It’s all academic for Notre Dame’s Jackson


South Bend Tribune

SOUTH BEND — OK, what’s next?

Given the path of the Notre Dame men’s basketball season, Demetrius Jackson’s absence from Tuesday night’s 68-64 double-overtime win over Clemson was hardly a shocker.

It was just the next in a long line of unusual happenings that add context to the Irish frustration.

Twitter-sphere was abuzz in the minutes leading up to the game when the blue-chip freshman from nearby Marian High School was nowhere to be seen. Transfer? Next stop Illinois?

Even went so far as to whisper he and Austin Torres were a package deal again.

Shortly after the exhausting win, Notre Dame coach Mike Brey was quick to put those fears to rest.

“It’s real simple,” said Brey. “Academic habits. He had such a great fall semester (academically). He’s just behind.”

So much for the intrigue that built up during the game.

It seemed logical that the recent struggles the 6-foot-1, 195-pound guard has had lately could be the precursor to a bailout.

He lost his starting job after the loss to Wake Forest. His minutes have dwindled to just 11 in losses to Syracuse (no points) and North Carolina (2).

Whether academic problems impacted his basketball play — or vice versa — Brey wasn’t about to speculate. He saw a problematic situation and didn’t let it fester.

“I put on my high school coach and teacher hat — which I’m never too far away from,” said Brey. “‘You get to come back to basketball when those habits get more consistent.’ We’ll give him some time to get caught up.”

Brey didn’t offer a timetable for Jackson’s return, but didn’t rule anything out.

“If he’s caught up at the end of the week, we’ll get him back to practice,” Brey said. “Then, we’ll go from there.”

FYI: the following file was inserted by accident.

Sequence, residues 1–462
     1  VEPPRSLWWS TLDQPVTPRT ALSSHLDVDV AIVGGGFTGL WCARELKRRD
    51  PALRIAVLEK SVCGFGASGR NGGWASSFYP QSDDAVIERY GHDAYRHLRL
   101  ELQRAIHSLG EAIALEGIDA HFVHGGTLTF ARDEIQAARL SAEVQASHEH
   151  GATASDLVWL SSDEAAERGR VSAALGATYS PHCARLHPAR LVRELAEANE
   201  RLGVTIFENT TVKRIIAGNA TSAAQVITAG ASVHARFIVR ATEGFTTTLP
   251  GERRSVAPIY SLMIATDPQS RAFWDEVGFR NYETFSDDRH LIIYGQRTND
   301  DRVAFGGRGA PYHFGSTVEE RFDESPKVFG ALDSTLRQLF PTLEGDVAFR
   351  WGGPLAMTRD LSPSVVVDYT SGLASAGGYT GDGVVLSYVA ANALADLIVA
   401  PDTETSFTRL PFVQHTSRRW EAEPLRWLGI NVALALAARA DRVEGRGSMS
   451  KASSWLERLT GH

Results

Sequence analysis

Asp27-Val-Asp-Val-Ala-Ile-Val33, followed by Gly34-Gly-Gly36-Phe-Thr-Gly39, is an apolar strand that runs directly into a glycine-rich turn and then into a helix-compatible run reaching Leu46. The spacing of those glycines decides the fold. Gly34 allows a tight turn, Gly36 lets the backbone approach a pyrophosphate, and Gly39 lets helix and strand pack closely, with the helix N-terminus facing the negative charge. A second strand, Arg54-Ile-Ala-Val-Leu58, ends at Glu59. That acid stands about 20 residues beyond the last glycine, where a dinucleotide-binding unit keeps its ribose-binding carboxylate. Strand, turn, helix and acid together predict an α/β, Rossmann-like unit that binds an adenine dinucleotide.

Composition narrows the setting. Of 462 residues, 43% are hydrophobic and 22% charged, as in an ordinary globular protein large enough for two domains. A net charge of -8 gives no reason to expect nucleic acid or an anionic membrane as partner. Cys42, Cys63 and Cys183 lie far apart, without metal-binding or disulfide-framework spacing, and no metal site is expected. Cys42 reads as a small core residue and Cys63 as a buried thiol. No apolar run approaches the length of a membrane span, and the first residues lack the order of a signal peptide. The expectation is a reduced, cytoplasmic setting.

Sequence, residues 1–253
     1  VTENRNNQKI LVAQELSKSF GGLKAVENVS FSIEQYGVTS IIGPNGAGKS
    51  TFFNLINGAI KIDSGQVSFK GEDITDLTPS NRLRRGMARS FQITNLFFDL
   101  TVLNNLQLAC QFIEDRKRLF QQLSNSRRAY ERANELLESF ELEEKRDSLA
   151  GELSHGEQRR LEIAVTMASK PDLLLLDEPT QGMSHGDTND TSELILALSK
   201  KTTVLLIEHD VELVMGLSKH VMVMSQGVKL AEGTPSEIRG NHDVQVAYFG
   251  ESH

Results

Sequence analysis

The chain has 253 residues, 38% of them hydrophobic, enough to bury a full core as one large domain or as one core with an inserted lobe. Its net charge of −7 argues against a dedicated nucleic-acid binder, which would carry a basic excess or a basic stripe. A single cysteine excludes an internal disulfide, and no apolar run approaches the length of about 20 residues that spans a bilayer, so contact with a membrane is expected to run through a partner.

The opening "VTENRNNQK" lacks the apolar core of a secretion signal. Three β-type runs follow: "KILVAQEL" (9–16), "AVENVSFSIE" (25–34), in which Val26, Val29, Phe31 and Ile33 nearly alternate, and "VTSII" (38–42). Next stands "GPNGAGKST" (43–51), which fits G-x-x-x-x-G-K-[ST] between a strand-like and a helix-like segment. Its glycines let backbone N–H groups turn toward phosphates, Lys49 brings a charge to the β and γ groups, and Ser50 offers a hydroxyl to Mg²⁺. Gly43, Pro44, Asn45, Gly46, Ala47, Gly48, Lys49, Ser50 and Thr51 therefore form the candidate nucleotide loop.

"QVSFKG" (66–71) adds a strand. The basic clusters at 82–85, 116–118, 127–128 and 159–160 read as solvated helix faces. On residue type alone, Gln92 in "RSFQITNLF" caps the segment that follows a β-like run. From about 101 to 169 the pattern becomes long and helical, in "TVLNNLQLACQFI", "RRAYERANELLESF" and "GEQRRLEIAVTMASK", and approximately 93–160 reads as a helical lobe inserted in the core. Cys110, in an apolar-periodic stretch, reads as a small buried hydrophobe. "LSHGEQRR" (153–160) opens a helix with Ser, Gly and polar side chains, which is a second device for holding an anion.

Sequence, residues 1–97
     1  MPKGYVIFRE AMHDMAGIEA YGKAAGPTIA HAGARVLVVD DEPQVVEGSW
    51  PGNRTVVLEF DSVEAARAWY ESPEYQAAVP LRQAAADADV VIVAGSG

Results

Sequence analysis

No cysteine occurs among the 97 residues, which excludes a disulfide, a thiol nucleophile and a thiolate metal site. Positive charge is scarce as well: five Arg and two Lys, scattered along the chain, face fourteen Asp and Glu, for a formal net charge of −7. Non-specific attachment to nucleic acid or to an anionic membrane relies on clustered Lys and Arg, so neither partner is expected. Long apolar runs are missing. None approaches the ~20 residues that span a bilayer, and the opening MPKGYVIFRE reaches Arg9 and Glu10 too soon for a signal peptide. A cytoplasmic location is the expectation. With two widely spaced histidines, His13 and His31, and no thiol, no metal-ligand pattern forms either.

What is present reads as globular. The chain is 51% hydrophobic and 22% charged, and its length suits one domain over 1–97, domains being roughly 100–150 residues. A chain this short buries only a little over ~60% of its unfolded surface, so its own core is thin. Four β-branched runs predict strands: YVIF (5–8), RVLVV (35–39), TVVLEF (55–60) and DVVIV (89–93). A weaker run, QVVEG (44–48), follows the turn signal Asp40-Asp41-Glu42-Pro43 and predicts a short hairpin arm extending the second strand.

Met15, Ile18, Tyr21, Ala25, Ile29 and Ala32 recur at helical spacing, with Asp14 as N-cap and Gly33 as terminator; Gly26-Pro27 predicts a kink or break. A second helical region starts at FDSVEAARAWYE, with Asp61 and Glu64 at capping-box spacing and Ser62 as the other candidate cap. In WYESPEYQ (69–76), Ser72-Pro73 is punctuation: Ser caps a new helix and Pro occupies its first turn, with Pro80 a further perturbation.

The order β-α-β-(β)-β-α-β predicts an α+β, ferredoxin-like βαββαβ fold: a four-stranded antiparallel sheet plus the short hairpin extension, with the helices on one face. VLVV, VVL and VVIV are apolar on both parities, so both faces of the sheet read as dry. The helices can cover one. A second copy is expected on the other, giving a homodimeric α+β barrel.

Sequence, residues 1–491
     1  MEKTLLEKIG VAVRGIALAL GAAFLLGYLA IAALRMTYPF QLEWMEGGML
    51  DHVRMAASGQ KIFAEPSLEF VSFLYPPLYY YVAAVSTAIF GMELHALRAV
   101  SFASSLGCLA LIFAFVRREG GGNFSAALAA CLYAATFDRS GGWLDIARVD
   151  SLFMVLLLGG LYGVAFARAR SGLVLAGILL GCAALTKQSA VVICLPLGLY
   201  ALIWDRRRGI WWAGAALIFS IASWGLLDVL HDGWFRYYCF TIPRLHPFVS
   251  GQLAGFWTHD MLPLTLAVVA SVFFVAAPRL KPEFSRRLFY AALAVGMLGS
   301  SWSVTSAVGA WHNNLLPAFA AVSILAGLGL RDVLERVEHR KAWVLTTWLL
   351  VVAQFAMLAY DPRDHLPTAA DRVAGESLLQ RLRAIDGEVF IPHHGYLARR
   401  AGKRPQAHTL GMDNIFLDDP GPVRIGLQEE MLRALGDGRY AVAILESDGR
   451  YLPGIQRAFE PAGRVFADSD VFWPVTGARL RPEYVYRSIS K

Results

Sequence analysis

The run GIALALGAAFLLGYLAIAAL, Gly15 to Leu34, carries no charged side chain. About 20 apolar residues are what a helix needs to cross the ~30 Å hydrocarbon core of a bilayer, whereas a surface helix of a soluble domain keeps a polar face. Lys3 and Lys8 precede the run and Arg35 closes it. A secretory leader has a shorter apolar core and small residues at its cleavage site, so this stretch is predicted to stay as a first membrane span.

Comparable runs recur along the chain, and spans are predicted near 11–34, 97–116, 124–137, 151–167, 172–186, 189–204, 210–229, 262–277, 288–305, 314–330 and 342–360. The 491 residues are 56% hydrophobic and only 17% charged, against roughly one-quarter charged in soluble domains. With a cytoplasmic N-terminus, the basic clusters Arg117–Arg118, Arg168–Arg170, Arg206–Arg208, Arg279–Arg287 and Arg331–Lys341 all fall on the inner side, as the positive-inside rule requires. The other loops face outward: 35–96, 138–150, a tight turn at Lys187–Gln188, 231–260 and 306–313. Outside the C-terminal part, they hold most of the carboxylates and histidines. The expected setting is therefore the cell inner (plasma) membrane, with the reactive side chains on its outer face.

So, is playing against Boston College Sunday a possibility? Again, the coach didn’t rule anything out.

Between Jackson’s absence and Austin Burgett’s slow recovery from recent heart surgery, the Irish had a very short bench. Eric Atkins (50 minutes), Pat Connaughton (49), Garrick Sherman (42, despite a broken finger), Steve Vasturia (41) and Zach Auguste (38) were like the “Iron Five.”

Good thing it was a game that looked more like a double shift at a steel mill than the track meet Notre Dame had against North Carolina last Saturday. Each possession was a labor-intensive halfcourt bruising that should have come with a lunch pail.

Big picture, the double-overtime victory was a step in the right direction. At this point of a very trying season, any win is a good win.

How the decision to banish Jackson from the arena plays out may not be immediately known. This wasn’t a situation that was done so that Jackson could get a philosophy paper finished. This was a significant discipline meant to establish a solid foundation for the rest of Jackson’s Notre Dame career.

“You’ve gotta do what you’ve gotta do to help a guy grow up,” Brey said.

“Demetrius Jackson is very committed to being at Notre Dame,” Brey said. “It’s a matter of getting back into that good academic rhythm I’ve seen before. We’ll coach him back into that. Sometimes as a parent and a teacher and a coach, some tough love is needed.

“I’ve been doing it my whole life. I was trained as a teacher. I was a high school teacher and coach, always handling young people; being an educator and thinking it through. Sometimes you say, ‘That’s it. We’re taking basketball away until you’re better.’

“He’ll be better. He’ll learn from it. I’m fully confident of that.

“Young people sometimes ... ‘We can’t go on like this. Something’s gotta change.’ He can get back into a pretty good rhythm pretty quick because his fall semester, he did a heck of a job.”

A short-term punishment for a long-term solution.

Another step in the right direction.


Notre Dame's Demetrius Jackson works his way past North Carolina State's Anthony Barber during their game last month. (SBT Photo/JAMES BROSHER)